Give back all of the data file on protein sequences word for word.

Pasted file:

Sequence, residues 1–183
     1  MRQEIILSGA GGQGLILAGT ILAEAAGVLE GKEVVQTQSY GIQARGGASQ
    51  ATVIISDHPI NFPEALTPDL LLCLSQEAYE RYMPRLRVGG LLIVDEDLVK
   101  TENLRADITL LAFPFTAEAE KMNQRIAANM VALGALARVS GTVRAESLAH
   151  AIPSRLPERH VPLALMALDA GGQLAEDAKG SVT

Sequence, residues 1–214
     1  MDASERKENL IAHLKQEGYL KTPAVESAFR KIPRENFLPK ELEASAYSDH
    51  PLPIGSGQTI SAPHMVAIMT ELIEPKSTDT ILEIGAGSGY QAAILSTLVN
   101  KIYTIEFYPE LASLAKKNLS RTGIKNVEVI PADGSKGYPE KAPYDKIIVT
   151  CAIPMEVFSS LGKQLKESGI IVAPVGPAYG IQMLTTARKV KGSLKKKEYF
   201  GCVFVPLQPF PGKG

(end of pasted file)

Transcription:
Sequence, residues 1–183
     1  MRQEIILSGA GGQGLILAGT ILAEAAGVLE GKEVVQTQSY GIQARGGASQ
    51  ATVIISDHPI NFPEALTPDL LLCLSQEAYE RYMPRLRVGG LLIVDEDLVK
   101  TENLRADITL LAFPFTAEAE KMNQRIAANM VALGALARVS GTVRAESLAH
   151  AIPSRLPERH VPLALMALDA GGQLAEDAKG SVT

Sequence, residues 1–214
     1  MDASERKENL IAHLKQEGYL KTPAVESAFR KIPRENFLPK ELEASAYSDH
    51  PLPIGSGQTI SAPHMVAIMT ELIEPKSTDT ILEIGAGSGY QAAILSTLVN
   101  KIYTIEFYPE LASLAKKNLS RTGIKNVEVI PADGSKGYPE KAPYDKIIVT
   151  CAIPMEVFSS LGKQLKESGI IVAPVGPAYG IQMLTTARKV KGSLKKKEYF
   201  GCVFVPLQPF PGKG